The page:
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CPW News Release
CPW News Release
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2/18/2020
Hunting bans of life, 20 years issued by CPW for Florida men who pleaded guilty in cross-country poaching operation


Hunting bans of life, 20 years issued by CPW for Florida men who pleaded guilty in cross-country poaching operation
FOR IMMEDIATE RELEASE 
Bill Vogrin
CPW SE Region PIO

719-227-5211
bill.vogrin@state.co.us


 

 

Feb. 18, 2020

Hunting bans of life, 20 years for Florida men who pleaded guilty in poaching operation

COLORADO SPRINGS, Colo. – Thanks to an anonymous tip to Colorado's Operation Game Thief Hotline, two Florida hunters who illegally killed mule deer and pronghorns will probably never hunt in Colorado again.

The suspensions of their Colorado hunting privileges come after their 2018 guilty pleas to participating in a poaching operation that claimed at least three mule deer and six pronghorn in Elbert and Lincoln counties.

A Colorado Parks and Wildlife Commission hearing examiner ruled Tuesday, Feb. 11, that a 20-year suspension was warranted for TImothy C. Draper, 33, of Bunnell, Fla., after he pleaded guilty in 2018 in Lincoln County Court to a misdemeanor charge of illegal possession of three or more big game animals. 

Draper was sentenced to two years supervised probation and forfeited all weapons and equipment used in his crime. He also paid a $2,100 game penalty and a total of $4,213 in fines and court costs.

A lifetime ban was issued by the CPW Commission hearing examiner against Lawrence J. Cowart, 30, also of Bunnell, Fla., after he pleaded guilty on Oct. 5, 2018, in Lincoln County Court to willful destruction of wildlife, a class 5 felony. 

Cowart was sentenced to three years probation, forfeited all his firearms and equipment used in his crime. He paid $2,440 in fines and court costs. Draper and Cowart also surrendered the trophy heads of the illegally harvested deer and pronghorn.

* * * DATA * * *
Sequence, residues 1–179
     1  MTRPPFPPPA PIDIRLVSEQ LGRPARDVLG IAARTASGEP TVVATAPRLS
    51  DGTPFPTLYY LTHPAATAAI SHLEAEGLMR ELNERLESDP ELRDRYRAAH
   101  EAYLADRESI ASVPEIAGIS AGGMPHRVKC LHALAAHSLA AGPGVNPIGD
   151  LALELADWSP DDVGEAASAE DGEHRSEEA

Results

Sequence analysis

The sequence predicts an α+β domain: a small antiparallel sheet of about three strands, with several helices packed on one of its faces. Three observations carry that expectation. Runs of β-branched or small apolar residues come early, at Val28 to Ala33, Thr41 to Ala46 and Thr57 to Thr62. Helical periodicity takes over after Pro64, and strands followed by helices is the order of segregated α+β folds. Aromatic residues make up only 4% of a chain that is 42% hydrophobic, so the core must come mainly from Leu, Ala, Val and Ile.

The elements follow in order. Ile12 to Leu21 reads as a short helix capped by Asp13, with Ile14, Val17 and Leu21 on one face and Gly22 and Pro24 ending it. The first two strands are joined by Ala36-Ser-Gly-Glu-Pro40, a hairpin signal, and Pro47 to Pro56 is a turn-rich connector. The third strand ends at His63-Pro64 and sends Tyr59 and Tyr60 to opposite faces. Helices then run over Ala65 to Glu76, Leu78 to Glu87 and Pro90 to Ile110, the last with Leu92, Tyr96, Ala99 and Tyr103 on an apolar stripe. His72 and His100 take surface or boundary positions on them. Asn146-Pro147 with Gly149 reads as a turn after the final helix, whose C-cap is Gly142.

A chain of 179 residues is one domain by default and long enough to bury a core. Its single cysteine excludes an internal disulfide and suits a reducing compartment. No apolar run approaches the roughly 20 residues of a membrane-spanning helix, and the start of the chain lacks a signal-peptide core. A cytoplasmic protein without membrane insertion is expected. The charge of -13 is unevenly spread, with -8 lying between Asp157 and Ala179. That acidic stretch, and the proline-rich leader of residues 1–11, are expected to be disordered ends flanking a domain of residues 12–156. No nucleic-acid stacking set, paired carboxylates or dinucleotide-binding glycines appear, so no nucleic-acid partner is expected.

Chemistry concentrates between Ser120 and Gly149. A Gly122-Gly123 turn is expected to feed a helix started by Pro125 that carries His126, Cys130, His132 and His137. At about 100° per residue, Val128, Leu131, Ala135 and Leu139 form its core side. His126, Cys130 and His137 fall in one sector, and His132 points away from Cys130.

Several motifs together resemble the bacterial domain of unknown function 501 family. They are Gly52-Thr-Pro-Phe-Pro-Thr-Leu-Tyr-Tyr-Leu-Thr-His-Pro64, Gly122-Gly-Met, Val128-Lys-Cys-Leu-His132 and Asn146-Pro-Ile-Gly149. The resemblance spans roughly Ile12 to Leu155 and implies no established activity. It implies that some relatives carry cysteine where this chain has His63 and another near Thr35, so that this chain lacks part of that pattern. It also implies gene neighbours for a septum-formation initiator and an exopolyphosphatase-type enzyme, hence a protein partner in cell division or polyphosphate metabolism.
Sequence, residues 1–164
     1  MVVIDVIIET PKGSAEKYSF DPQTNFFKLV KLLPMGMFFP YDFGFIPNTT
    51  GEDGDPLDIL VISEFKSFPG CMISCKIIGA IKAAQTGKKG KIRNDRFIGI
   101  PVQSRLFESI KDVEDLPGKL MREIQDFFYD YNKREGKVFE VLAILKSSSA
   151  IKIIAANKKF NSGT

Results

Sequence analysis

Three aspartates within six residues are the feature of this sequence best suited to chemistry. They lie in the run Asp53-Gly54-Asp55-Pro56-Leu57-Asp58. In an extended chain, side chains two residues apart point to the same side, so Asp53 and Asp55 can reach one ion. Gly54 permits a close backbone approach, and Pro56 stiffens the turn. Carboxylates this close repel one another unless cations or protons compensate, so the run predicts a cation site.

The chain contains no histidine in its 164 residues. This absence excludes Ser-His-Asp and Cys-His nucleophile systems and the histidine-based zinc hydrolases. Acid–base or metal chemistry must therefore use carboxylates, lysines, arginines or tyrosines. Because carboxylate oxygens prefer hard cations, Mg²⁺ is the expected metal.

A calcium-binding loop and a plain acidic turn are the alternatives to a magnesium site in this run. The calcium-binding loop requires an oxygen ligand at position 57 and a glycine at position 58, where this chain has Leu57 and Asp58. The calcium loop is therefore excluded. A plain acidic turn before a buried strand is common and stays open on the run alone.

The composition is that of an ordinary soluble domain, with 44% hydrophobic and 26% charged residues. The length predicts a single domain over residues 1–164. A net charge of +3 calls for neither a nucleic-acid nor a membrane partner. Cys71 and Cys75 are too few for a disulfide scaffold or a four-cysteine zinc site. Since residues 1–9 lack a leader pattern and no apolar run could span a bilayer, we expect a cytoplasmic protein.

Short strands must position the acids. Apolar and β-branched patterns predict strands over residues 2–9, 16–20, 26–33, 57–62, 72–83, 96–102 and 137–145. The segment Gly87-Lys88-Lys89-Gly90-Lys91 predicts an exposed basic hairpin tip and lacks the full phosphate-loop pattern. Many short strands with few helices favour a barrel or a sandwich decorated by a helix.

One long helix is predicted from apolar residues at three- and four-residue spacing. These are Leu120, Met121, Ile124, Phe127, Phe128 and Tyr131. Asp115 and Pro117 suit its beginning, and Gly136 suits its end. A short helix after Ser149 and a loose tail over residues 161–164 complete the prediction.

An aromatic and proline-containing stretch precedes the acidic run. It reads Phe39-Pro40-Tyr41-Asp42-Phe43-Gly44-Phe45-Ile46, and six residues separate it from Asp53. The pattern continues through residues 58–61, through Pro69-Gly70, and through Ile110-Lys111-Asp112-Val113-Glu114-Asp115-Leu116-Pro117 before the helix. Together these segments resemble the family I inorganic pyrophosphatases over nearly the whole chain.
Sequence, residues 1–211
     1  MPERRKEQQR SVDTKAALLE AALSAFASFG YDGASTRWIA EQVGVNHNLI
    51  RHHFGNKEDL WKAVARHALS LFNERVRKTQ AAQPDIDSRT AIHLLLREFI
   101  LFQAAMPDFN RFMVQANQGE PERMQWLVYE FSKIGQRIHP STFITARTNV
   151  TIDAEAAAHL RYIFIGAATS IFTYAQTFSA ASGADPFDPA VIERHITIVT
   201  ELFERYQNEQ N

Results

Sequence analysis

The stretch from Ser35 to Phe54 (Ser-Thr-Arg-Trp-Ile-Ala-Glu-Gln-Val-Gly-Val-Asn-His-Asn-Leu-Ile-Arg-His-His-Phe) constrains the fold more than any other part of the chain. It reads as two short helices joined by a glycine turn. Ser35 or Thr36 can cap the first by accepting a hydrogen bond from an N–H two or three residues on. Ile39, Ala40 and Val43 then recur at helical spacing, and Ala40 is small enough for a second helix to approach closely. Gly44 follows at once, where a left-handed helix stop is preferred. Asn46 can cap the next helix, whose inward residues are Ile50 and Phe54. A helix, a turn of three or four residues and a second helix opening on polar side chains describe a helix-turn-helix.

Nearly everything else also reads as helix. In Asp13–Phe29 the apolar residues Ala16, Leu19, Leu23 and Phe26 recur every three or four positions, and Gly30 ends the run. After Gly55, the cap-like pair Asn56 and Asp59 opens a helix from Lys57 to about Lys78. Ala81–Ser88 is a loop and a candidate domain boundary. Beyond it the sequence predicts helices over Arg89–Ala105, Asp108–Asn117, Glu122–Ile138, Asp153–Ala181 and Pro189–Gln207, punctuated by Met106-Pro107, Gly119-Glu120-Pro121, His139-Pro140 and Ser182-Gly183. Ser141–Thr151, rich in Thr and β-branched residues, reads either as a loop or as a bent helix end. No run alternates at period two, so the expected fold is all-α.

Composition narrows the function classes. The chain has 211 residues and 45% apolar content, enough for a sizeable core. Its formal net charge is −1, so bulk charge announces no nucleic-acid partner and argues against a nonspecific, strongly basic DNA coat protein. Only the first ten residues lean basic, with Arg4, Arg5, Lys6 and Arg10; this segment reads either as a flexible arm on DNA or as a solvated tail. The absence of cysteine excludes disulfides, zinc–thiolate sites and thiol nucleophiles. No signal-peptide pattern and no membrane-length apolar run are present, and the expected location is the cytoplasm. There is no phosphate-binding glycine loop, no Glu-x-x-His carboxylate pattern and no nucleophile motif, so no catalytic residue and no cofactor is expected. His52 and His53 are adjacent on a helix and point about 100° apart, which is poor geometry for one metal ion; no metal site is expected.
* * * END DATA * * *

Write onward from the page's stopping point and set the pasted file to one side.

CPW Commission hearing examiner Steven Cooley had some tough words for the two poachers.

“Lawrence Cowart’s crimes against Colorado’s wildlife were committed intentionally and with complete disregard,” Cooley wrote in his findings. “Mr. Cowart has a history of violating wildlife laws in his home state of Florida and in North Carolina. His most recent wildlife violations in Colorado are considered among the most serious of criminal activity against wildlife, where an animal is killed for its trophy parts and the meat is abandoned to waste.

“Given his history and escalating criminal behavior, Mr. Cowart is viewed as a threat to Colorado’s wildlife. Although he expressed remorse during his suspension hearing, his repeated criminal actions against wildlife do not reflect this.”

Cooley was equally unmoved by Draper’s claim that his involvement was minimal compared to Cowart. He noted Draper “expressed little remorse, or accountability, for his actions.”

“Timothy Draper has repeatedly demonstrated a deliberate lack of regard for Colorado’s wildlife,” Cooley wrote. “His actions are not viewed as hunting, but rather as outright poaching, done without any valid license, or outside established hunting seasons.